Performance Anxiety

Performance anxiety, or “stage fright,” can create fear in many people and in many situations, such as public speaking, social communication, public appearance, athletics, intimacy, and artistic performance.  For example, symptoms such as shakiness, trembling, sweatiness, dry mouth and distraction can interfere with thinking and behavior, propelling musicians to lose focus on technical performance and begin to panic about their ability to continue. While some performance anxiety puts us in a fight or flight mode, it can also put us in a “freeze” mode.
Performance anxiety can be eased if the therapist has an understanding of what the symptoms are and how they were “installed.” This relates to family of origin issues, our social culture, knowledge of our “mind state” (which includes physiology, thoughts, attitudes, behaviors, and emotions), and helping separate performance and identity.
As a performance pianist, Dr. Humphrey is particularly adept in assisting individuals in overcoming performance anxiety.

Read more about overcoming performance anxiety in this article, “Tips for Overcoming Performance Anxiety.”

Body Dysmorphic Disorder

Body Dysmorphic Disorder (BDD) is a psychological issue that has been described by professionals as a “disorder of imagined ugliness.” BDD is a disorder characterized by a perceived defect or a minor flaw in one’s physical appearance that is obsessively worried about and compulsively checked, to the extent that it causes clinically significant distress or impairment in one’s social life, work life, or other areas of daily functioning. Although the official psychological diagnosis has been around for several years, it is often under-diagnosed or misdiagnosed by professionals due to lack of familiarity. Not all people who suffer from BDD seek repetitive surgeries to fix their perceived defect, but many do. If you have been pre-occupied with thoughts about some area of your physical appearance, have sought several treatments, assume that people notice it and make fun of it, and sometimes restrict yourself from being comfortable in public, these might be some signs that you may be suffering with BDD. Dr. Humphrey works with individuals to help them overcome this disorder and learn to love and accept themselves.

Issues of Abandonment

Abandonment is most easily described as a “primal fear” and “universal wound,” and includes an extensive array of symptoms, including unworthiness, insecurity, shame, emotional hunger, feelings of annihilation, self-sabotage, chronic emptiness, and repeated feelings of trauma. These symptoms are just an inkling of the emotions experienced by individuals with a history of abandonment. Some of the behaviors that emerge as a way to deal with these feelings include dependency and co-dependency issues in relationships, setting ourselves up for re-abandonment, and even self-medication through food, drugs, or alcohol.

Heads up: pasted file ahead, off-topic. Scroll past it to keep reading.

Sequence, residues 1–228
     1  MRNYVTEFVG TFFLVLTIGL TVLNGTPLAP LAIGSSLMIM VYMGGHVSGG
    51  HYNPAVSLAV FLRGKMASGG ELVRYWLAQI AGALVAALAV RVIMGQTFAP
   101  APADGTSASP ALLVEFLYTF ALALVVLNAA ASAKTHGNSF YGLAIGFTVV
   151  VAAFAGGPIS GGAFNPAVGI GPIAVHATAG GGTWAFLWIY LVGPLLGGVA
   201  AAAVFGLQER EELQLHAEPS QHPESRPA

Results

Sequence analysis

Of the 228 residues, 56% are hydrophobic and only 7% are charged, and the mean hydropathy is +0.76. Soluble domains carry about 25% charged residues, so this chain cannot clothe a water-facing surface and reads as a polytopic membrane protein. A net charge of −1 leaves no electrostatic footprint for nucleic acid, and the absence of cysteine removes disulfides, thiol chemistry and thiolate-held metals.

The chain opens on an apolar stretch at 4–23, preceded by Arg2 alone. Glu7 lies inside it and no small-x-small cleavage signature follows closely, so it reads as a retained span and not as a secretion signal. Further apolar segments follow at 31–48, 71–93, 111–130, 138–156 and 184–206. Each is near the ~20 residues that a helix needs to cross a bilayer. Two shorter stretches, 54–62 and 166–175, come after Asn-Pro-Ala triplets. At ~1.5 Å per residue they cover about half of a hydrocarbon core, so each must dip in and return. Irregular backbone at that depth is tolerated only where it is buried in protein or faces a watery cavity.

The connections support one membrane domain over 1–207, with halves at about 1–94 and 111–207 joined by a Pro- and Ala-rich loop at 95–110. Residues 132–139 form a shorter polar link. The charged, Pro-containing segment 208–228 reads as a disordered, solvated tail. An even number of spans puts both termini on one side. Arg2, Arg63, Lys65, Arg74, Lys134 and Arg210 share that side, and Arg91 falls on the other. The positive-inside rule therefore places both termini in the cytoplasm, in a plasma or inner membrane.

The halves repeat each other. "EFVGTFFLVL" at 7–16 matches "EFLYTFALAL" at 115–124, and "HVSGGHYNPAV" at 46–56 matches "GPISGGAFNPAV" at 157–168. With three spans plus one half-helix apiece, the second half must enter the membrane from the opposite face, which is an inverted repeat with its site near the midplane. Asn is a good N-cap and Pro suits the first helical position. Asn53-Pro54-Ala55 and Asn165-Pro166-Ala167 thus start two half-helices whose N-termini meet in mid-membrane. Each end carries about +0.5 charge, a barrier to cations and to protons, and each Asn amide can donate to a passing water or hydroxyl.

Dr. Humphrey facilitates Abandonment Recovery Support Groups. Abandonment recovery group therapy is highly beneficial as this form of therapy connects individuals with others who are or who have experienced similar experiences and symptoms.
Learn more about abandonment recovery in this article: “Issues of Abandonment: An Interview with Dr. Denise Humphrey”

Learn more about the symptoms of abandonment: “Do You Suffer from a Fear of Abandonment?” and “Understanding Abandonment.”

Gay & Straight Couples Therapy and Mixed-Orientation Marriage

Dr. Humphrey has completed Advanced Training from the Gottman Institute in Seattle, Washington. The Gottman Institute has been conducting therapeutic, assessment, and intervention research on couples and relationships since 1975. In addition to straight married and non-married couples, Dr. Gottman’s research and results have also been applied to gay and lesbian couples. Dr. Humphrey’s psychotherapy experience extends to all types of relationships, including “mixed-orientation” marriages. All relationships are unique, and her treatment is tailored accordingly.

“Mixed-orientation marriage” refers to relationships in which one person is gay or lesbian, and the other person is straight. While society has become more accepting of gay couples, mixed-orientation relationships are less understood. When a gay spouse agonizes about disclosure, determining how to resolve the predicament can be petrifying. Upon divulging one’s homosexual orientation, profoundly traumatic issues for both partners usually arise, including loss of trust, depression, betrayal, shame, how or if to inform the children (if any), whether to remain together or depart, etc. Due to the delicacy and sense of vulnerability experienced by those suffering from this marital condition, Dr. Humphrey has developed a true in helping these individuals navigate the numerous complexities experienced in these situations.

Learn in these articles, “Living with a Gay Spouse” and “Understanding Mixed-Orientation Marriages.”